[x]Blackmoor Vituperative

Friday, 2016-01-08

Expanding Ubuntu LVM in VCenter

Filed under: Linux — bblackmoor @ 16:40

These are notes for my own benefit, but I am sharing them publicly in case someone else might find them useful. The paths and volume names below are specific to my own situation, of course: yours will probably be different.

  • In VCenter, add an ISO for GParted to the data store.
  • Set the VM to boot to the bios.
  • Set the bios to boot from the CD drive.
  • Load the ISO in the CD drive of the VM.
  • In gparted, deactivate the partitions so they can be resized.
  • In gparted, expand the LVM partitions to use the additional 100 GB of file space.
  • Shut down the VM and remove the ISO from the VM.
  • Start up the VM, and in Ubuntu, run these commands:
  • sudo lvextend /dev/mapper/template-root /dev/sda5
  • sudo resize2fs /dev/mapper/template-root
  • Then reboot the VM one more time.

Wednesday, 2012-07-04

MediaWiki on Dreamhost: Error creating thumbnail

Filed under: Linux,The Internet — bblackmoor @ 12:41

I have a number of web sites I administer. Most of these are hosted on Dreamhost, and most of them run MediaWiki.

Recently, I have noticed an error whenever I upload an image to the wikis. What is supposed to happen is that ImageMagick resizes the image to make a set of thumbnails. What has been happening is that ImageMagick displays an error:

Error creating thumnail:

Exactly like that, with nothing after the colon. After many hours of research (and great help from the Dreamhost tech support team), I finally found the solution. Add this line to the LocalSettings.php file:

$wgMaxShellMemory = 524288

Thursday, 2011-04-21

Microsoft gets Novell’s Patents rights but must share them with Open-Source Software

Filed under: Intellectual Property,Linux,Programming — bblackmoor @ 09:17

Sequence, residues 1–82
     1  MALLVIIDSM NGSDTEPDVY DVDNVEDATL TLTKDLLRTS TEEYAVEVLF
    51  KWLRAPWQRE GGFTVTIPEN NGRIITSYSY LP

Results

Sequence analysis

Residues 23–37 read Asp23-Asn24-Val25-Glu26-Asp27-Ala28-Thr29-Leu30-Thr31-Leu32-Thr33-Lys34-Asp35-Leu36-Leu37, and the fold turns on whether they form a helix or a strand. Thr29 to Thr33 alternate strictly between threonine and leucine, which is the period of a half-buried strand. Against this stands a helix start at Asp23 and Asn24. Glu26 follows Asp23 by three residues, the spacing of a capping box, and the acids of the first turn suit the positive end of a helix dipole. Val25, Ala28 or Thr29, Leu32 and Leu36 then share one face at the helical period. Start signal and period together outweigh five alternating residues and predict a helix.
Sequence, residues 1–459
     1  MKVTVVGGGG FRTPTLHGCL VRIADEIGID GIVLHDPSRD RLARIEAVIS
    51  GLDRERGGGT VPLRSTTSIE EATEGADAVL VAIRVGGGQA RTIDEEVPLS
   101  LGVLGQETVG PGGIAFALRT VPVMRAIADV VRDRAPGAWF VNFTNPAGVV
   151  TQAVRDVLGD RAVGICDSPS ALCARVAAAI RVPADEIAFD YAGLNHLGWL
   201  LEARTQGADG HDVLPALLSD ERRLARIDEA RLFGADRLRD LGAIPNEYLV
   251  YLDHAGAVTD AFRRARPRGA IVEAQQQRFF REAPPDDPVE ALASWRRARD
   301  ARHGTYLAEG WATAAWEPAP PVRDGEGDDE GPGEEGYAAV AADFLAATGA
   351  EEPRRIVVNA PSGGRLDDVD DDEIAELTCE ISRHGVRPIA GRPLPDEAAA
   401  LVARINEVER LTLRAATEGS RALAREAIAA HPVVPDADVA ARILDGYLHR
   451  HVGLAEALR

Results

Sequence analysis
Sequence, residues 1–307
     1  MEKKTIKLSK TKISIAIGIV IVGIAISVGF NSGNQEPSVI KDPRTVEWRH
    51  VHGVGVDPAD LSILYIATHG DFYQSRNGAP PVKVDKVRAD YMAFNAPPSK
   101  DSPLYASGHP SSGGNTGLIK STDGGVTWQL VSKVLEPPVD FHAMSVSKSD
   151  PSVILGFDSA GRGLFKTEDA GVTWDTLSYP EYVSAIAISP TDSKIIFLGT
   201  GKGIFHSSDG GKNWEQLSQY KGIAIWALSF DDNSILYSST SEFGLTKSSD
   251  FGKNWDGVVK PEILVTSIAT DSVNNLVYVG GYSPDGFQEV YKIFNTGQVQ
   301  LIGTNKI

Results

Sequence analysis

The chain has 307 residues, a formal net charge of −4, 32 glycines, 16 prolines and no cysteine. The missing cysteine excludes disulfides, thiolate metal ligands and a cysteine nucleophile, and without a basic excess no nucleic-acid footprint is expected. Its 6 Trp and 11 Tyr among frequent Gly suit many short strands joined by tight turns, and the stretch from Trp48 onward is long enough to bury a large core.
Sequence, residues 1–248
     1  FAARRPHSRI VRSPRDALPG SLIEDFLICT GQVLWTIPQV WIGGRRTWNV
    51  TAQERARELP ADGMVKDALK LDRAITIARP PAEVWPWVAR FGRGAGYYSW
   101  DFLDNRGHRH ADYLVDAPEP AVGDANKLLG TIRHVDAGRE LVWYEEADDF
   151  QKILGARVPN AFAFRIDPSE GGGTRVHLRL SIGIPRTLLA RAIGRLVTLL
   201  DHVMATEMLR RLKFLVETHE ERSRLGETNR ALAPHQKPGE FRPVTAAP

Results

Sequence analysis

In response to pressure from the U.S. Department of Justice and Germany’s Federal Cartel Office (Das Bundeskartellamt), Microsoft and its CPTN Holding Partners — Apple, EMC, and Oracle — have revised their agreements so that the Novell patents will be under both GPLv2 and Open Innovation Network protection.

So what does it all mean? Andrew “Andy” Updegrove, founding partner of Gesmer Updegrove, a top technology law firm, said, “This is a rather breath-taking announcement from a number of perspectives. Among others, the granularity of the restrictions imposed demonstrates a level of understanding of open source software in general, and Linux in particular, that has not been demonstrated by regulators in the past. It also demonstrates a very different attitude on the part of both the U.S. and German regulators, on the one hand, and Microsoft, on the other, from what we saw the last time that Microsoft was under the microscope. In the past, Microsoft was more disposed to fight than negotiate, and the U.S. and the European Commission were far apart in their attitudes. This announcement conclusively places open-source software on the U.S. regulatory map.”

(from Microsoft gets Novell’s Patents rights but must share them with Open-Source Software, ZDNet)

I think this is a really interesting development. Interesting in the sense that it’s not antagonistic to consumers and developers, and that it’s not what I predicted, or even guessed might happen.

Tuesday, 2010-03-30

SCO loses again: jury says Novell owns UNIX SVRX copyrights

Filed under: Intellectual Property,Linux — bblackmoor @ 16:38

In camera veritas

The SCO Group was dealt a serious, potentially fatal blow today in its courtroom battle against Linux. The jury in the trial between SCO and Novell has issued a verdict affirming that Novell is the rightful owner of the UNIX SVRX copyrights. This verdict will make it difficult for SCO to continue pursuing its baseless assault on the open source operating system.

(from SCO loses again: jury says Novell owns UNIX SVRX copyrights, Ars Technica)

Mwahahahahaha.

Thursday, 2010-02-11

Six easy steps to a more secure Linux server

Filed under: Linux,Security — bblackmoor @ 14:44

The actual title of the article is “Six easy steps to make a super secure Linux server”, but I think that’s hyperbole. Even so, these are some basic steps that should be followed, and they do help make a server more secure.

  1. Install latest security updates.
  2. Disable root login via SSH